Barriers, yet opportunities

Considerable, but surmountable, barriers continue to slow down deployment of decentralized energy in Thailand. One major barrier to natural-gas-fired CHP is the pipeline system, which is owned and operated by PTT. The monopoly system is limited in scope and has been slow to expand. Discussions are underway to allow third-party pipeline developers to speed up the process, but so far progress has been slow.

Another key barrier is that decentralized energy is at present virtually ignored in the power sector planning process. Thailand’s Power Development Plan (PDP) developed by EGAT includes only centralized fossil fuel, hydropower and nuclear power as options. Past PDPs have all significantly overestimated demand, resulting in over-building of conventional power plants. Another future glut of conventional generation is likely to reduce markets for DE.

A third key barrier is that Thailand has yet to establish a competent, fair and independent regulatory authority whose core mandate is to ensure that decisions made in the energy sector are in the public interest, and which has sufficient legal authority to enforce compliance.

Despite these barriers, the economic prognosis for viable and profitable SPP and VSPP projects is positive. Work is underway by government and civil society groups to address these challenges through:

  • reforms to the power sector planning process
  • amendments to existing electricity sector legislation that will establish an independent regulatory authority.

With the likelihood that tariffs paid to SPPs will continue to increase year-over-year (they have doubled since 1995), there is more reason for optimism that this will lead to increased investment in efficient decentralized electricity. In addition, for VSPPs, the good news is that the net-metering programme now accommodates sales to the grid of up to 10 MW per installation. Furthermore, the Suvarnabhumi International Airport CCHP project exemplifies the tremendous benefits that can be achieved by utilizing this more energy-efficient technology.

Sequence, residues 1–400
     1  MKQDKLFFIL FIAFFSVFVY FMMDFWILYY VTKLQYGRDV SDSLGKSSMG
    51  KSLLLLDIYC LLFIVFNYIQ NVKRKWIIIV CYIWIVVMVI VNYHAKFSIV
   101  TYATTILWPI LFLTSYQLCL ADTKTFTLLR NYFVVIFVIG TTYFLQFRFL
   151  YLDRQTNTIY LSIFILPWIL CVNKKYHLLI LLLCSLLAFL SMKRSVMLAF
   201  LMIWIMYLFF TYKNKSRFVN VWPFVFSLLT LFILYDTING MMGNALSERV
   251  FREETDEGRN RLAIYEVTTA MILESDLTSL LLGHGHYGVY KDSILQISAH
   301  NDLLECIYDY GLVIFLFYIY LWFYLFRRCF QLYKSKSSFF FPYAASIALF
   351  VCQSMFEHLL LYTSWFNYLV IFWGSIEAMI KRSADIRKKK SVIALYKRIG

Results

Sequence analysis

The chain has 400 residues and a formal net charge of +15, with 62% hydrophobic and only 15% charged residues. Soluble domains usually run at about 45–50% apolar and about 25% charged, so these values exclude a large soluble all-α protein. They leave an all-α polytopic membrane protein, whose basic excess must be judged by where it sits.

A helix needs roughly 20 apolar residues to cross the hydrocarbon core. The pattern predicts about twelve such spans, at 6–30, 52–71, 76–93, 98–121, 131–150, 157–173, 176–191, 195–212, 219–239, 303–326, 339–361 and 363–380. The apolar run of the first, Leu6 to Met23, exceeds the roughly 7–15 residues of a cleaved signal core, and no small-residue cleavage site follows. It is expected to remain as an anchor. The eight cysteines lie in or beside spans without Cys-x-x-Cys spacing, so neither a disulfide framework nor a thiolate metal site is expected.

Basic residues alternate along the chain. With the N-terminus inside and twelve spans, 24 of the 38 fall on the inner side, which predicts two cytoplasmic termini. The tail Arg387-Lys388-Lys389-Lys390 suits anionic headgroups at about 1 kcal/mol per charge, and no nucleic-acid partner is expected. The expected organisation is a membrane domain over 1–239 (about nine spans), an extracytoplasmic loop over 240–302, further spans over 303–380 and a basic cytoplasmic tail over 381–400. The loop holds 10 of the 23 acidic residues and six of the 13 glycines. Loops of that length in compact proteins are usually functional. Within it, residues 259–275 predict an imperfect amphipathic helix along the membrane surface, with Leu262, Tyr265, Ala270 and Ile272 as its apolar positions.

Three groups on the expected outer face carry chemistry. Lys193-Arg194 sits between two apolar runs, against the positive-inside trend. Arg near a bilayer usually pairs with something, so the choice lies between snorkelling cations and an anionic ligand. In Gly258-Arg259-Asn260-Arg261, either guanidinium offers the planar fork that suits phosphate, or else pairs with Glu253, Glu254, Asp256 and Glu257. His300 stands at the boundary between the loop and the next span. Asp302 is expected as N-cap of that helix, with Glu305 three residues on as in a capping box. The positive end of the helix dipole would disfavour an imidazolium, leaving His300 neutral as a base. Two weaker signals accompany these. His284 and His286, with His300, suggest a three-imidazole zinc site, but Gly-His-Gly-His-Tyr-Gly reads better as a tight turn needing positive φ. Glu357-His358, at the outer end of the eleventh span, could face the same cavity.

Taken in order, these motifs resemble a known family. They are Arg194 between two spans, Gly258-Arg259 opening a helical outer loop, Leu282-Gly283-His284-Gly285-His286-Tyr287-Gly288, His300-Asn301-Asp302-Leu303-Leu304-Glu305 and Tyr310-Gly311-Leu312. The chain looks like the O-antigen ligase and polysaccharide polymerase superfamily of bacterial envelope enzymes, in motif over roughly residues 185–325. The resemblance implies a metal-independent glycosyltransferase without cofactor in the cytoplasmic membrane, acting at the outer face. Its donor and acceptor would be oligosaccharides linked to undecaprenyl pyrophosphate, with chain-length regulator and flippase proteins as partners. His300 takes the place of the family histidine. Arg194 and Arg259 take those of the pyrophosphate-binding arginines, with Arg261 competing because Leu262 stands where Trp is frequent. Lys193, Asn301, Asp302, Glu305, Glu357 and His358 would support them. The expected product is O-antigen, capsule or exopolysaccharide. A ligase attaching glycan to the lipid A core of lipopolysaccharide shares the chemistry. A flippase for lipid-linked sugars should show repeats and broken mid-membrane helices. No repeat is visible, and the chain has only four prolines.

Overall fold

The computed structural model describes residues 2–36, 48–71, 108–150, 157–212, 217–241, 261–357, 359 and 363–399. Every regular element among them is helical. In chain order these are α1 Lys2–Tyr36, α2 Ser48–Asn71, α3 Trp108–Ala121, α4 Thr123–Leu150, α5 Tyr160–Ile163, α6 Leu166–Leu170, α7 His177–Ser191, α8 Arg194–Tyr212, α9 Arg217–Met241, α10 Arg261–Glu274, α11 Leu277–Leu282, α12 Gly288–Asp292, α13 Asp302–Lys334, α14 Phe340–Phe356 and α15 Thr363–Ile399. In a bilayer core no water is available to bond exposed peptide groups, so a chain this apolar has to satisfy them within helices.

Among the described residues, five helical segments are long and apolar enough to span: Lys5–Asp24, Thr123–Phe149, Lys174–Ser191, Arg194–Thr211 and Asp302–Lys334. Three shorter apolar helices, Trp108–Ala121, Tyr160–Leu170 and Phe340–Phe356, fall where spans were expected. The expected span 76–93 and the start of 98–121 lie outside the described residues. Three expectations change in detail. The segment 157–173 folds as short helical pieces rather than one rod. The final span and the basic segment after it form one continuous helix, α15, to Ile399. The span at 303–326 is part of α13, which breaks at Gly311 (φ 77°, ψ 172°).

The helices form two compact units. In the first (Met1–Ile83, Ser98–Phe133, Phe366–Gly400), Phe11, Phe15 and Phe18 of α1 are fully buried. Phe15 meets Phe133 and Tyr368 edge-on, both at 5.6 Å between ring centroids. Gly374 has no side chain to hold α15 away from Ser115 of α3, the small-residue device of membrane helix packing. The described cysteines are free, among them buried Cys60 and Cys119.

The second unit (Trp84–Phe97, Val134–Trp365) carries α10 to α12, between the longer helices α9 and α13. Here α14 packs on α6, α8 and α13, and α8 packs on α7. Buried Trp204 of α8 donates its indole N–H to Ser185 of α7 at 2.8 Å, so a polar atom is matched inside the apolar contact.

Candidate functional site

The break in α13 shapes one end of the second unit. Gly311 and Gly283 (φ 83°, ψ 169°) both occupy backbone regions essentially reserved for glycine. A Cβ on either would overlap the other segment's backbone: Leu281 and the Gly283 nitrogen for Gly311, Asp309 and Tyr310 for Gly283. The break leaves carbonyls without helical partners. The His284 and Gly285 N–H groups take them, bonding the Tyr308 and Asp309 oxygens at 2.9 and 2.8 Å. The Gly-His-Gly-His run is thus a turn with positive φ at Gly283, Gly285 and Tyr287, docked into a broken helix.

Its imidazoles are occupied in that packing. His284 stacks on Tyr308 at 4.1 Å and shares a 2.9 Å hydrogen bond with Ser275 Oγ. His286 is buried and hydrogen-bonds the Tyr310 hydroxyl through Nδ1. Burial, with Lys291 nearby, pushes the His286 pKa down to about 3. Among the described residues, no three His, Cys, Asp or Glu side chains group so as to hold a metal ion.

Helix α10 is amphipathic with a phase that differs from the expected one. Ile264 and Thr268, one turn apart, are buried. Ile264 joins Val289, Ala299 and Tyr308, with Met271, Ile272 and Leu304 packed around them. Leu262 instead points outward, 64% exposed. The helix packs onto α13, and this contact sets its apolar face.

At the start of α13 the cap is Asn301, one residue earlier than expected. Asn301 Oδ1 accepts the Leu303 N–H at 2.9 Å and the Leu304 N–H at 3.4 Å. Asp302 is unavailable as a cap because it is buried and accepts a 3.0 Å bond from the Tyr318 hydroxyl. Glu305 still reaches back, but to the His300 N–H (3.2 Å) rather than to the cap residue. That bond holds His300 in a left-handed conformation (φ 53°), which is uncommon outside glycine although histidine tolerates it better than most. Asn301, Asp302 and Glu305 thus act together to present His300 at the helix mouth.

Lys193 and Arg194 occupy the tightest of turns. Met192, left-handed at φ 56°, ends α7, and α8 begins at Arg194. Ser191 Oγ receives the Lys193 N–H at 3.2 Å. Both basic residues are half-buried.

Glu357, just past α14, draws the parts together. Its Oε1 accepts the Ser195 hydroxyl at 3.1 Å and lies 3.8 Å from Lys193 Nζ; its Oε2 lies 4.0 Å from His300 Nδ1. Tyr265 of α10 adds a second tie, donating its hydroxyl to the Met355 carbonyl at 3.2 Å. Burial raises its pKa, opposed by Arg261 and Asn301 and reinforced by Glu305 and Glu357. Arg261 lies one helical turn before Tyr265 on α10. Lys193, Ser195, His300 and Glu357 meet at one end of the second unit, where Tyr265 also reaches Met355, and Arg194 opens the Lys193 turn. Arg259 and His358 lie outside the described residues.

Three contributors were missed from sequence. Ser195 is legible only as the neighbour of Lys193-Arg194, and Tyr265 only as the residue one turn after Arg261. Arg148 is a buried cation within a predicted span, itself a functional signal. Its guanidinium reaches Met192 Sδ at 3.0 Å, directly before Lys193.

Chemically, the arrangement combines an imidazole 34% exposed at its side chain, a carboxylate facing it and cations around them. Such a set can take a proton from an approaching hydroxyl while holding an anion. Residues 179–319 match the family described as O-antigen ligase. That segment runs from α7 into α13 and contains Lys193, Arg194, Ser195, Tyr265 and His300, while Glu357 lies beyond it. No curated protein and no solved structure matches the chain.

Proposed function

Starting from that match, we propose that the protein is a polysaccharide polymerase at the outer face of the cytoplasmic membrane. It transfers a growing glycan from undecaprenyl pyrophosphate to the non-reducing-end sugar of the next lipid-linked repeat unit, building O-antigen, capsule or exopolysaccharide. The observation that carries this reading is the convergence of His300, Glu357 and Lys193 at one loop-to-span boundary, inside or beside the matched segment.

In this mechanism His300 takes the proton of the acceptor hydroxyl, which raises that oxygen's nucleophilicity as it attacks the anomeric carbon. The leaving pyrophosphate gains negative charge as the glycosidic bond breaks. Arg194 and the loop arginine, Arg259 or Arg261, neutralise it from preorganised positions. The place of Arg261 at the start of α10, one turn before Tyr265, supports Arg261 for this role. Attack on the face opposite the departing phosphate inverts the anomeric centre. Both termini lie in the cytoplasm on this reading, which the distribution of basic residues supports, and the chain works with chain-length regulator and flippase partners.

The market is now ripe for prudent investors and project developers. EGAT is considering installing 198 MW of fossil-fuel CCHP under the VSPP programme. The CHP units will employ absorption chillers to cool inlet temperatures in 13 existing centralized combined-cycle power plants, raising their capacity by 951 MW. Already in the pipeline are hundreds of megawatts of new private sector biomass and biogas, a minimum of 30 MW of wind power, and (at least) dozens of megawatts of new fossil-fuel fired CHP for installation in shopping malls and other commercial buildings. Based on the growing momentum for such projects in Thailand, it is likely that DE will become a major player in the Thai power sector within the next few years.

Chris Greacen, PhD is director of Palang Thai, a non-profit organization in Thailand. e-mail:

Palang Thai helped draft the initial VSPP regulations and worked with the Thai Government on the regulation upgrade. Funding from the Mekong Programme on Water Environment and Resilience (MPOWER), Global Green Grants and Oxfam Australia support this work.


1. Gvozdenac, D., Menke, C. and Vallikul, P. (2006) Potential of Natural Gas Based Cogeneration in Thailand.

2. Energy companies wary of bidding process for new power plants. The Nation, 16 December 2006.

SPP CHP PROFILE Bangkok Cogeneration Company Limited

Location: Map Ta Phut Industrial Estate, Rayong, Thailand
PPA signed: July 1996
Total electrical capacity: 113 MW
Sales to EGAT: 90 MW
Sales to Bangkok Industrial Gas Company Ltd: 16 MW
Electrical efficiency: 48%
Waste steam: accounts for 11% of total fuel energy input to power absorption chillers for air products industry
Joint venture partners: Air Products and Chemicals Inc (USA), Natsteel Ltd (Singapore), Hua Kee Company Ltd (Thailand), Chatri Sophon Company Ltd (Thailand), Bangkok Industrial Gas Company Ltd (Thailand)

A 113 MW CHP plant sells power to EGAT, the state-owned utility (Bangkok Cogeneration)
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The project began in the middle of 1995 in response to the Government’s policy to promote power generation by private sector under the SPP programme. BCC submitted an application to EGAT in April 1996 to build a 113 MW cogeneration power plant and to sell 90 MW of power to EGAT. EGAT approved the proposal and the Power Purchase Agreement (PPA) between BCC and EGAT was signed in July 1996.

VSPP PROFILE SPM Farm biogasLocation: Ratchaburi, ThailandFuel: Methane from pig manureCommissioning date: September 2003Total electrical capacity: 500 kWSales to PEA: 150 kW

Location: Ratchaburi, Thailand
Fuel: Methane from pig manure
Commissioning date: September 2003
Total electrical capacity: 500 kW
Sales to PEA: 150 kW

Biogas digestor at SPM farms produces enough gas for 500 kW of generation (EPPO)
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Modified truck engines and induction generators burn biogas to generate electricity at SPM farms (EPPO)